When most of us look into the mirror and think about needing to lose weight, we’re thinking about that spare tire and muffin top that make fitting into our favorite pair of jeans a challenge.
But there’s another kind of fat that isn’t as apparent when we look in the mirror. It’s called visceral adipose fat (VAT) and it’s stored inside your body around your organs.
Of course, it’s also hard not to think about our weight in terms of our health. Being overweight, especially carrying extra weight around the middle, which usually includes some VAT fat, has been linked to blood sugar problems, cancer and heart disease.
But more research into the effects of visceral or belly fat has found a connection that could lead to problems affecting your brain health down the road…
The connection between visceral fat and cognitive function
Researchers from McMaster University and the University of Calgary recruited 9,166 participants who all had their total body fat measured via bioelectrical impedance. This technique assesses body composition based on the rate at which an electrical current travels through the body.
Almost three-quarters also underwent had MRIs to measure the amount of visceral fat packed around their organs. MRI could also detect any vascular injury in the brain. This is basically when areas of the brain experience reduced blood flow and therefore don’t get the oxygen they need to function at their best.
And the results demonstrated that people with a higher level of visceral or belly fat also have a higher likelihood of blood vessels problems in their brain, putting them at risk for reduced cognitive function.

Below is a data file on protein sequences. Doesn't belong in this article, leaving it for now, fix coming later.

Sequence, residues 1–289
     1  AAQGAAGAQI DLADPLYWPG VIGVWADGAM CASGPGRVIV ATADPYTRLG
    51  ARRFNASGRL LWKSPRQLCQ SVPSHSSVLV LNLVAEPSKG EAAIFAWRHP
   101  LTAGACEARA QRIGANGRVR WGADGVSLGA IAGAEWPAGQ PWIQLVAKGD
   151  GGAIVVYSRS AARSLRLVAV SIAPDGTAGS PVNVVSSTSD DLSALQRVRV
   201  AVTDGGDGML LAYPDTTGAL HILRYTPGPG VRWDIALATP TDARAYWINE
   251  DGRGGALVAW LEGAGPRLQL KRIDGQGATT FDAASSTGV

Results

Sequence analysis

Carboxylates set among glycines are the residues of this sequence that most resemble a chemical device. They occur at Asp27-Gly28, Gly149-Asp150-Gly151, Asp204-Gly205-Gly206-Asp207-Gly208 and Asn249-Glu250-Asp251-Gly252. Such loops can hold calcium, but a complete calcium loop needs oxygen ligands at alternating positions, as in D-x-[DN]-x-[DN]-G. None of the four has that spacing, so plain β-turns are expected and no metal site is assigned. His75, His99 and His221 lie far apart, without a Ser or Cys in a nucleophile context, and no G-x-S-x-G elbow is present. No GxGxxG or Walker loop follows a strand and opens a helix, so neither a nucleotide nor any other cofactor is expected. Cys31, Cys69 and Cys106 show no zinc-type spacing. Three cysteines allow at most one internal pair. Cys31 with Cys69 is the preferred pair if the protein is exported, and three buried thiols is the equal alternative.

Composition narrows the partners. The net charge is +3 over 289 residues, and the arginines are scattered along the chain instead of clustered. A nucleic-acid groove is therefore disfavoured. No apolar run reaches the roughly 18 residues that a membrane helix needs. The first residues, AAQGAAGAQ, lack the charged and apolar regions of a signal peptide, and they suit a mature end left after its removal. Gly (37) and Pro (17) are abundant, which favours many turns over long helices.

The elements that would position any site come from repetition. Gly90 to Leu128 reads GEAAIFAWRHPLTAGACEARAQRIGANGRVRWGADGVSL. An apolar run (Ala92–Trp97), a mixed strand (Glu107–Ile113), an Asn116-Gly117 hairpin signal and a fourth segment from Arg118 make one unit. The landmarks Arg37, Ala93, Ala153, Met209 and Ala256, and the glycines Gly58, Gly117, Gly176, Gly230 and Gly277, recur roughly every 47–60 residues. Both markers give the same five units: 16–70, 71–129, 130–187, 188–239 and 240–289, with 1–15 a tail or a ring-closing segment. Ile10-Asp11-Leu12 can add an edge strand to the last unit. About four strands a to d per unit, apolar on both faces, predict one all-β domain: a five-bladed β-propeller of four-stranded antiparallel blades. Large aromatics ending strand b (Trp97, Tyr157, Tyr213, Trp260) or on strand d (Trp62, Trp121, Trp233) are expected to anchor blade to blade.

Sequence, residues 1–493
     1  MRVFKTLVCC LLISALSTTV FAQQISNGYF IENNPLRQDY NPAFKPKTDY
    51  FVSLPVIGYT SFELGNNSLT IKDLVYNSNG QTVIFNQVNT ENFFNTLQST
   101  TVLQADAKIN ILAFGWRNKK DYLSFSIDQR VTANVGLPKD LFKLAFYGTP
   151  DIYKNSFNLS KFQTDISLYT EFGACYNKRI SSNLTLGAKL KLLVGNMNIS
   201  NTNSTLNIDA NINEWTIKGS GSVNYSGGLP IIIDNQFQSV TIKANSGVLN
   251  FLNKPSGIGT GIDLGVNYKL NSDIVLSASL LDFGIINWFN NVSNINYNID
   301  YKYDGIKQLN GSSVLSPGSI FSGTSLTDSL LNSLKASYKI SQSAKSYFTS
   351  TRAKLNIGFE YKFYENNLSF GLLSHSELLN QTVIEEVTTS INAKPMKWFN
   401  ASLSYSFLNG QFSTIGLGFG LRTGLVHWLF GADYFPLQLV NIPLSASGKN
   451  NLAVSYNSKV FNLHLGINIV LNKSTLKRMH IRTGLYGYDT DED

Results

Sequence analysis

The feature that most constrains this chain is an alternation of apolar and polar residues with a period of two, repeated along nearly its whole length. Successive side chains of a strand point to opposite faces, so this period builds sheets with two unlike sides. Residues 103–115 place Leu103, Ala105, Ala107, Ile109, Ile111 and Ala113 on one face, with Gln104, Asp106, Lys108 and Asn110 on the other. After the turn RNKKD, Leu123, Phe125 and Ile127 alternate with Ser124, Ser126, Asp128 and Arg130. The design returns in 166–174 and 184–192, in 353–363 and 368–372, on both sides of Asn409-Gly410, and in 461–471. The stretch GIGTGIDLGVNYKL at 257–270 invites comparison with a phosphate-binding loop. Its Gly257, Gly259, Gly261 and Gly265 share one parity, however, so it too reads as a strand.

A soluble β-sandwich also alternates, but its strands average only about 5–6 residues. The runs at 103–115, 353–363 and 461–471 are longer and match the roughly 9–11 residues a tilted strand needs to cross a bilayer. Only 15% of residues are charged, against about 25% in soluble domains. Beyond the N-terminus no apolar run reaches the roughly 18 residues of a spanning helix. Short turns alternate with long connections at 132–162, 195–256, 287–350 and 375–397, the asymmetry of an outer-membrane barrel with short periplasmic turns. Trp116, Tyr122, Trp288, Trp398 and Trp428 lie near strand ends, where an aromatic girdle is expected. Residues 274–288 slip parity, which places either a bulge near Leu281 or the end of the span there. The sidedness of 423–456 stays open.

In other words, too much weight could equal too little brainpower—most likely in the form of oxygen-rich blood flow.
“Our results suggest that strategies to prevent or reduce having too much body fat may preserve cognitive function,” said lead author Sonia Anand, a professor of medicine at McMaster University’s Michael G. DeGroote School of Medicine.
Slimming down for better brain health
And these results mean that keeping your brain health could be as simple as taking off any extra weight — which isn’t really all that simple…
Co-author Eric Smith, a neurologist, scientist and associate professor of clinical neurosciences at the University of Calgary, laid it out saying, “Preserving cognitive function is one of the best ways to prevent dementia in old age. This study suggests that one of the ways that good nutrition and physical activity prevent dementia may be by maintaining healthy weight and body fat percentage.”
I agree — good nutrition is a great place to start, and the Mediterranean diet would be my best suggestion. That’s because it is considered the easiest diet to stick to — and lose weight successfully.
But an even stronger reason is that research published by the American Academy of Neurology, suggests, hands-down, that eating a Mediterranean diet confers dementia protection and promotes healthy brain aging.
The diet is full of foods and nutrients that promote brain (and heart) health because they support healthy arteries and blood flow.
Exercise is essential for keeping the blood moving. Even small amounts help; according to one study, walking in two-minute bursts every 30 minutes boosted blood flow and oxygen levels in the brain.
Oral chelation is a safe and non-invasive way to boost circulation and reduce plaque and toxins in your circulatory system. And nattokinase, an enzyme made from fermented soybeans, is great for helping your body naturally combat age-related blood thickening, allowing your blood to flow more smoothly and improving circulation.
And for a little extra help to make the pounds melt away, try probiotics to turn up your metabolic furnace.
Editor’s note: Have you heard of EDTA chelation therapy? It was developed originally to remove lead and other contaminants, including heavy metals, from the body. Its uses now run the gamut from varicose veins to circulation. Click here to discover Chelation: Natural Miracle for Protecting Your Heart and Enhancing Your Health!